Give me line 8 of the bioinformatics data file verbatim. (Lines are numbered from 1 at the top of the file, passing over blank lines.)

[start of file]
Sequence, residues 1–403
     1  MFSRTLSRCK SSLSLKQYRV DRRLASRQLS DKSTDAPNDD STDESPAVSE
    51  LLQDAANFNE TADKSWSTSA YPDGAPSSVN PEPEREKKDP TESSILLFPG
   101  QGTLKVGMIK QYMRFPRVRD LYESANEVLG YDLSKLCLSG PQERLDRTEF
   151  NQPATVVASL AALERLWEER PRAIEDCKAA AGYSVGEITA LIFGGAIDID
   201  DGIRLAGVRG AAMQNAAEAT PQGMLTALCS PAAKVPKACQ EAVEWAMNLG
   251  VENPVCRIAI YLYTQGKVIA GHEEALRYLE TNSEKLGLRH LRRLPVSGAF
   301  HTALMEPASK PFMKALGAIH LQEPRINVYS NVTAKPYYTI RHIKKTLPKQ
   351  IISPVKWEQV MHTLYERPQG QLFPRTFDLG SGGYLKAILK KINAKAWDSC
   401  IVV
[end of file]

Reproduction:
   301  HTALMEPASK PFMKALGAIH LQEPRINVYS NVTAKPYYTI RHIKKTLPKQ